Qi Cheng joined the Department of Linguistics in Autumn 2020 and directs the Neuroplasticity and Language Lab, where she researches the critical period and sign languages, and educates about the importance of language input early in life.
From Huzhou to Seattle via Hokkaido, Hong Kong and San Diego
Qi Cheng grew up in Huzhou, China, on Lake Tai, about 2 hours southwest of Shanghai. She came to her current research specialization in a roundabout way. She entered Nanjing University thinking she would become a writer. Her 2011 BA in Chinese language and literature in 2011 entailed much study of ancient Chinese texts, and didn’t include much linguistics until late in the program. But in the middle of her undergraduate studies she participated in a one-year exchange program at Hokkaido University, where she studied Language and Information Science. There she was assigned to a supervising professor, Lee Yeonju, a Korean phonologist, where she was immersed in linguistics, and wrote a term paper comparing Shanghainese and Korean phonology. At the end of her undergraduate studies she had given up on becoming a writer, but was now very interested in linguistics, so she enrolled in Chinese University of Hong Kong. There she received an MA in Chinese Linguistics and Language Acquisition, writing a thesis on the acquisition of the semantics of the Mandarin morpheme ye3 by Cantonese learners, for which the character representing this morpheme is ambiguous in a way it is not in Mandarin. Her supervisor at CUHK was Gladys Tang, and after Qi finished her MA studies, she worked for 2 years for Tang as a Research Assistant at her Centre for Sign Linguistics and Deaf Studies. It was there that she really started working with deaf people learning sign language as a first language. At the end of her RAship, she went to UCSD and studied with Rachel Mayberry, the San Diego area being the premier place for sign language research, critical period, etc. (In case you were wondering, Qi did not overlap with Naja Ferjan Ramírez, another student of Mayberry’s. Qi started in 2014 and Naja finished the previous year.)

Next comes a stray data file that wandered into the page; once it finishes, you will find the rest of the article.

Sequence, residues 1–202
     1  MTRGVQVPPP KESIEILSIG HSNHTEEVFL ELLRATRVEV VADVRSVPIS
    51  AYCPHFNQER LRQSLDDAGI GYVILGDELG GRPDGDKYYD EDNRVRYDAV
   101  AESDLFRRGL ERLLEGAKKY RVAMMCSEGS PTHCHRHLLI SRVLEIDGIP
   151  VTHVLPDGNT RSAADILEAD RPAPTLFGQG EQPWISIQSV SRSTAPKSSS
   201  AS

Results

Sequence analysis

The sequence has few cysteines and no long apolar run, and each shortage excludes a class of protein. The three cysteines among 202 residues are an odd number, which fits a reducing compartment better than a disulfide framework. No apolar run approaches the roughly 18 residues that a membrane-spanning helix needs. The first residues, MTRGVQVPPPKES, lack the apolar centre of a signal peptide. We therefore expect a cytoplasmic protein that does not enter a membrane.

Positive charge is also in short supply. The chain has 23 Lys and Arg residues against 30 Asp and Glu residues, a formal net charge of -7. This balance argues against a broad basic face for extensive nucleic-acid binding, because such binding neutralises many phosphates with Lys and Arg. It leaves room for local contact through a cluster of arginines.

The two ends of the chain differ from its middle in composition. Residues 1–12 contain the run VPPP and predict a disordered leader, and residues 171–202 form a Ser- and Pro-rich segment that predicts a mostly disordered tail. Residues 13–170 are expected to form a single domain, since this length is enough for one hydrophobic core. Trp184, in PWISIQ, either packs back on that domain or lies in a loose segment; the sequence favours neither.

After years of focussing on ASL, Qi is resuming research on sign languages of China, where she collaborates with Chinese linguists. Asked to compare ASL in the US with Chinese Sign Language in China, Qi first pointed out that while Ethnologue lists Chinese SL as the main sign language of China, Chinese SL is an official, formal, somewhat artificial language that many deaf people find hard to understand. There are instead many natural sign languages throughout China associated with localities like Hong Kong, Shanghai, etc. that have communities of signers. But relatively few parents in China know about the importance of early language input and it is rare to see them learning a sign language to improve their deaf child’s life.
Qi also collaborates on neuroimaging research with researchers at Johns Hopkins University, where she had been planning a post doc when (surprise!) she was offered a job at the University of Washington in 2020.
Anyone interested in joining the Neuroplasticity and Language Lab should ideally know a sign language but Qi welcomes anyone who is open to or interested in psycholinguistics, acquisition, the role of language input and the role of cognitive skills in the development of language.